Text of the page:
dramatic tragedy Hamlet, the reader finds ambiguity of one type and another here and there throughout the play. The protagonist himself is an especially ambiguous character is his own rite. Harold Bloom in the Introduction to Modern Critical Interpretations: Hamlet expounds on the ambiguity and mysterious conduct of the hero during the final act: When Horatio responds that Claudius will hear shortly from, presumably that Rosencrantz and Guildenstern have been executed, Hamlet rather ambiguously

  • Love in Othello

    730 Words  | 2 Pages

    suggesting happiness yet weariness about the future. Susan Snyder has cited the same irony in Othello’s statement "… Othello celebrate his peak of joy, yet so markedly his invocations of death and fear make us apprehensive" ("Beyond the Comedy" Critical interpretations 24). Emilia’s love for her husband, Iago, leaves her nothing but regret and deep despair. Emilia, out of love for her husband, Iago, betrays Desdemona and steals her precious handkerchief. Emilia does this "to please Iago’s fancy"( 3.3 lines

  • Hamlet – its Universality

    1931 Words  | 4 Pages

    Hamlet – its Universality What secrets of dramatic genius underpin the universal acceptance of Shakespeare’s tragedy Hamlet so long after its composition? Harold Bloom in the Introduction to Modern Critical Interpretations: Hamlet explains one very solid basis for the universal appeal of this drama -- the popular innovation in characterization made by the Bard: Before Shakespeare, representations in literature may change as they speak, but they do not change because of what they

  • The Fantasy of Orality in Absalom, Absalom!

    3066 Words  | 7 Pages

    positive historical truth in fixed form. Many critical interpretations of Absalom, Absalom! move towards the common conclusion that the way narrative works in the novel makes impossible the passing of meaning from one subject (teller or author) to anot... ... middle of paper ... ...ncredulous Narration: Absalom, Absalom!" Reading for the Plot: Design and Intention in Narrative. New York: Knopf, 1984. Rpt. in Modern Critical Interpretations: Absalom, Absalom!. Ed. Harold Bloom. New York: Chelsea

  • Critical Interpretations of The Cask of Amontillado

    1310 Words  | 3 Pages

    "The Cask of Amontillado": Critical Interpretations Among Poe's most intriguing tales is "The Cask of Amontillado," first published in Godey's Lady's Book in November of 1847. A surface reading of that story reveals only a simple description by Montresor (the narrator) of how he kills another man who was called, ironically, Fortunato. Montresor exploits Fortunato's vanity concerning the connoiseurship of wine; specifically, Montresor pretends to want a wine cask of Amontillado verified as genuine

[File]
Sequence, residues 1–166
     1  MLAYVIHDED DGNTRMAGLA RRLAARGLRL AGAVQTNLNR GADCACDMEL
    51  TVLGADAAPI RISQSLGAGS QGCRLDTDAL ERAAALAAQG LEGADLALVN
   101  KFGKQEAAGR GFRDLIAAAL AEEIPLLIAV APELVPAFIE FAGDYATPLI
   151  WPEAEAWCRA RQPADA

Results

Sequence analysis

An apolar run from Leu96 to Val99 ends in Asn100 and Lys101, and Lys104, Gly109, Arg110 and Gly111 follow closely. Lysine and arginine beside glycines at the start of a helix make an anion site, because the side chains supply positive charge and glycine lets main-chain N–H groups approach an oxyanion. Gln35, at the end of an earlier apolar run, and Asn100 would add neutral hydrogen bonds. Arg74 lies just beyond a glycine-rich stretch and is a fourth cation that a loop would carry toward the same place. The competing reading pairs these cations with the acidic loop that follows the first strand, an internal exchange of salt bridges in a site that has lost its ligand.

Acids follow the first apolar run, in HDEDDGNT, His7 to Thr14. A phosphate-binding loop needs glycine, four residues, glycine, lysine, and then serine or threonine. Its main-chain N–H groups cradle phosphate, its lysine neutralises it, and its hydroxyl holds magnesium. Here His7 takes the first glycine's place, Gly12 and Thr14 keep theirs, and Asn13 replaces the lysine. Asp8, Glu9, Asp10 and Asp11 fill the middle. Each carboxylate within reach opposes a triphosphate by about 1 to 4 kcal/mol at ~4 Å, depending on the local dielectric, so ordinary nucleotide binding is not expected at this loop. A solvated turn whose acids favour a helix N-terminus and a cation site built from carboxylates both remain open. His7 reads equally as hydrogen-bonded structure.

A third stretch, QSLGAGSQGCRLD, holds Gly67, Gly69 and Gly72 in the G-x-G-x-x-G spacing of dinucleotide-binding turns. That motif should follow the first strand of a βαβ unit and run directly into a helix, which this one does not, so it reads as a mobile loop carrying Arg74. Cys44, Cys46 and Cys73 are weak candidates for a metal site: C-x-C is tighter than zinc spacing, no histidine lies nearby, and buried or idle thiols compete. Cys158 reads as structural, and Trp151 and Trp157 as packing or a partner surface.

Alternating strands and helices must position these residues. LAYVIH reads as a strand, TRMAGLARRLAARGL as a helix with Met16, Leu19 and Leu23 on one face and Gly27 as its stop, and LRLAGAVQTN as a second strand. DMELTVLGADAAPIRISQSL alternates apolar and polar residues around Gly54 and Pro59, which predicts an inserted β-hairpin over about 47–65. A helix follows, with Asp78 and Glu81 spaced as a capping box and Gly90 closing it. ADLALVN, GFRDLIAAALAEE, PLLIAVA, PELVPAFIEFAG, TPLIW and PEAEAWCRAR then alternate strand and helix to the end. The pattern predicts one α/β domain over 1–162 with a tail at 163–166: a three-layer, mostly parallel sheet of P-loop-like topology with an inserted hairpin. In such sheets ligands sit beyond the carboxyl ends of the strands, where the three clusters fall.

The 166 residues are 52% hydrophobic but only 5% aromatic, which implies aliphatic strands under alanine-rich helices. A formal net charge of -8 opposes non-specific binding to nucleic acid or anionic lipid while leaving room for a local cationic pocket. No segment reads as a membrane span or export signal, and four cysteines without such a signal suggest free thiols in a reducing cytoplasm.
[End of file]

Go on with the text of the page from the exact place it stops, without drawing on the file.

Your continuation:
• Critical Interpretations of Poe's The Black Cat

    999 Words  | 2 Pages

    Critical Interpretations of Poe's The Black Cat Edgar Allan Poe's classic tale, "The Black Cat," is a disturbing story that delves into the contrasts between reality and fantasy, insanity and logic, and life and death. To decipher one distinct meaning presented in this story undermines the brilliance of Poe's writing. Multiple meanings can be derived from "The Black Cat," which lends itself perfectly to many approaches of critical interpretation. One of the staples of Poe's writing is the dramatic

  • Post Colonial Interpretations of Shakespeare’s The Tempest

    1910 Words  | 4 Pages

    Post Colonial Interpretations of Shakespeare’s The Tempest “…do we really expect, amidst this ruin and undoing of our life, that any is yet left a free and uncorrupted judge of great things and things which reads to eternity; and that we are not downright bribed by our desire to better ourselves?” – Longinus Since the seventeenth century many interpretations and criticisms of William Shakespeare’s The Tempest have been recorded. Yet, since the play is widely symbolical and allegorical Shakespeare’s